Junk Bridge Territory



junk bridge territory, England/France, 2018





text> the market system created the metropolitan society and its space regulated by incessant flows of capitals and information and now the consumer lifestyle is acting as the organizing principle so redesigning the territory. It is the culture of consumption and its values that forces us to face a completely new situation, where planning takes on a new meaning.

We keep producing at a pace that the planet cannot sustain; we design infrastructures that have a very high impact on the environment. Today our territories are subject to a systematic sedimentation of waste where, then, we grow our food. 100 million tons waste, 10 meters deep layers: such is the high concentration of plastic in our oceans – real islands.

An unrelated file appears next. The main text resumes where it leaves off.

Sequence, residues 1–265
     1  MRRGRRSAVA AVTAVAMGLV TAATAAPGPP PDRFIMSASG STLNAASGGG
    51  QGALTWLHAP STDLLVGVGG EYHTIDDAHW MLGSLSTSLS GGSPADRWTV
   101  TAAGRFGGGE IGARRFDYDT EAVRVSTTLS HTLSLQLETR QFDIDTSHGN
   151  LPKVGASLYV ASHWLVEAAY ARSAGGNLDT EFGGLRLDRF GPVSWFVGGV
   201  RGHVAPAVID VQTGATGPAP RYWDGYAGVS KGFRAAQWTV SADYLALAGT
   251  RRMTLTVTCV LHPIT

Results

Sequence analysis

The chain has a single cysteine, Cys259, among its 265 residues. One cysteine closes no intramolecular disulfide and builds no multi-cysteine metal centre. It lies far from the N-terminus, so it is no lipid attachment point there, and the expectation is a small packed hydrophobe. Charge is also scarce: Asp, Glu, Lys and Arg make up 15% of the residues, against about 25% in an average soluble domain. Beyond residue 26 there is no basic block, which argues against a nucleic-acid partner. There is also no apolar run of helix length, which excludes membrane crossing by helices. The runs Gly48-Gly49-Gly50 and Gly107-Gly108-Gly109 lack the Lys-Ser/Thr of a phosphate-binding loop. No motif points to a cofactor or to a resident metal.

So why not to use these islands as a constituent element? If consuming the land and its resources is the only development philosophy we are capable of, why not reuse that waste to create new territories? If this excess of waste and pollution is by now settled in the ground, why not to make of it the basis of the future development terrain? If these are the consumption and production rhythms, these will be our bridges and our ground in the future.

The challenging aim of this project is to communicate better a number of problems / phenomena that until today have not had a specified identification and representation. All the rubbish at sea would become a potential consumer good, a sort of recycling of the human being’s consumer-compulsive boost in such a way as to be able to use and re-use every element in the environment. What apparently looked like junk and waste of human civilization, made up an extremely large deposit.

Inserting this element creates a dissonant dialogue within the context, and provides a sort of critical second reading. This project can be an instrument to weaken (weak thought-Vattimo) today’s production paradigm, raise awareness on the problem of consumption and explain its scale.



topics> garbage, sustainability, new territories, consumerism